I really liked this one because it covers the first 48 hours after an emergency as well as key things such as staying dry and minimizing heat loss. You may think you already know all there is to know about these basic subjects but somehow Ron hood finds a new angle. I mean, I don’t think I would ever have thought to fill a trash bag with pine needles as a make-shift blanket. The fact that he covers basics also makes these videos a great gift for your kids or your younger prepper friends who are just getting started. It’s great to read a book but watching a video has more richness to it. I only wish we hadn’t lost Ron Hood a few years ago because I think he would have been really great at maximizing the fun of a YouTube channel. There are a lot of those channels now and they’re fun to watch too, but Ron Hood’s personality is part of the appeal of these older videos.

Some of the basics that he covers is firemaking, which you can’t learn too much about in my opinion. The techniques on wayfinding were incredibly valuable. Watch these techniques and take notes in your offline prepper notebook. You can easily tell direction both during the day and at night with the techniques that Ron clearly explains.

It goes over what to include in your own mini kits and maxi kits and all kinds of other things. The coolest things to me were the wayfinding sections with shadows and a watch, and the figure 4 trap looked like something worth trying out. All you need to make a small animal trap is a knife and the diagram of this cool leverage-based trap in your mind. As in the other videos, Ron’s wife Karen helped out with sections on how to clean fish and how to cook maggots. These and other survival videos by Ron Hood and others are available at Stoney-Wolf Productions.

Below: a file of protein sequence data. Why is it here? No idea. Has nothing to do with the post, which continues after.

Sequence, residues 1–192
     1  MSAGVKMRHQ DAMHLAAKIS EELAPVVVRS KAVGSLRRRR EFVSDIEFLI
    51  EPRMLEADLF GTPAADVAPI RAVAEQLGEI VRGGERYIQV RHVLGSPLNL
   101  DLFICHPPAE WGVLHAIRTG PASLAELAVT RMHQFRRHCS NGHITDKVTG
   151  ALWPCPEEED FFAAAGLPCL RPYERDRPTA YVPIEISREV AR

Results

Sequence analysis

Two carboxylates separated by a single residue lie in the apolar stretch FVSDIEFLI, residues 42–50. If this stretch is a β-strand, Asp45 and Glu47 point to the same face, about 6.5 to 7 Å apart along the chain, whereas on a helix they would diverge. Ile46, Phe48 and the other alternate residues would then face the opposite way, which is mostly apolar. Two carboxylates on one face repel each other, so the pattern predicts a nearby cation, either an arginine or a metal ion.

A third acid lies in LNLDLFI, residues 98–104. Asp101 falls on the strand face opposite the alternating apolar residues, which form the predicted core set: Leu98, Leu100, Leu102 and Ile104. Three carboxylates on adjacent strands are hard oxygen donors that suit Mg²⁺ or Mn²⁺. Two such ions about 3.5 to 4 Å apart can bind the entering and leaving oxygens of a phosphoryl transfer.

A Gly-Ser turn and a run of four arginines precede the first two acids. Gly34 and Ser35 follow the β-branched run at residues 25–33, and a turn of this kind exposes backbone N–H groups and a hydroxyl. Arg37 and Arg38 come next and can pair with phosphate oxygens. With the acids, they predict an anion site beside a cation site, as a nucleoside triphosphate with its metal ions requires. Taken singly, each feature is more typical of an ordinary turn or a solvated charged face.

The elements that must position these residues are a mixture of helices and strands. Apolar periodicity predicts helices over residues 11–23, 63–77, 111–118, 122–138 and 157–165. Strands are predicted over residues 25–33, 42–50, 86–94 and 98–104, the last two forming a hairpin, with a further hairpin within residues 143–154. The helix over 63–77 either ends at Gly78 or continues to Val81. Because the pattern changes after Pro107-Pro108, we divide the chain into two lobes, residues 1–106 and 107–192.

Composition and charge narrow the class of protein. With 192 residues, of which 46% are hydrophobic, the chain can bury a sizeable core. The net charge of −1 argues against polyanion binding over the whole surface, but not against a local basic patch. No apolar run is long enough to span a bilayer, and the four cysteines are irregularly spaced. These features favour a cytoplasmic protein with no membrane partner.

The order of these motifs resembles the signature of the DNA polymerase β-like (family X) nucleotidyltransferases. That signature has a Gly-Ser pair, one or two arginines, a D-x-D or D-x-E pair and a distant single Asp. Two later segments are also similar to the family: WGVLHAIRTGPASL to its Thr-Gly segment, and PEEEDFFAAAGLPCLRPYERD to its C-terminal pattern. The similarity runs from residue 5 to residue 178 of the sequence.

As you long-time readers know, I’m the guy with the gear who actually uses it through my role as a Search and Rescue member. Throughout the year I do video reviews of gear I’ve purchased or been given to test, so watch for those here on this site. Here’s a list of gear I actually like, so if you’re looking for a gift for the gear-head on your list, let these ideas guide you.

Gerber Center-Drive

Gerber’s Centerdrive took the gear world by storm with it’s innovative bit driver design. That placed the bits in the center of the tool when deployed rather than off to one side like traditional multi tools. It has quickly become a favorite of anyone needing serious work done and only wanting one tool to do it. You also get one-hand opening full-size knife and pliers, a file, serrated blade and other essentials. Futhermore, it’s made in the USA.


SOL Traverse Survival Kit

One of the newer survival kits on the market, the SOL Traverse survival kit covers 12 to 24 hour survival needs in one compact package. You get what you need for shelter, fire signaling and water purification. The container also doubles as a digging tool. I carry SOL kits as part of my hiking kit and enjoy having essential items for an unexpected overnight or spat of bad weather all in the top pocket of my pack. The Traverse may not satisfy the hardcore outdoors person, but is ideal for someone looking for the necessities to toss into their pack for day-hikes or short hunts.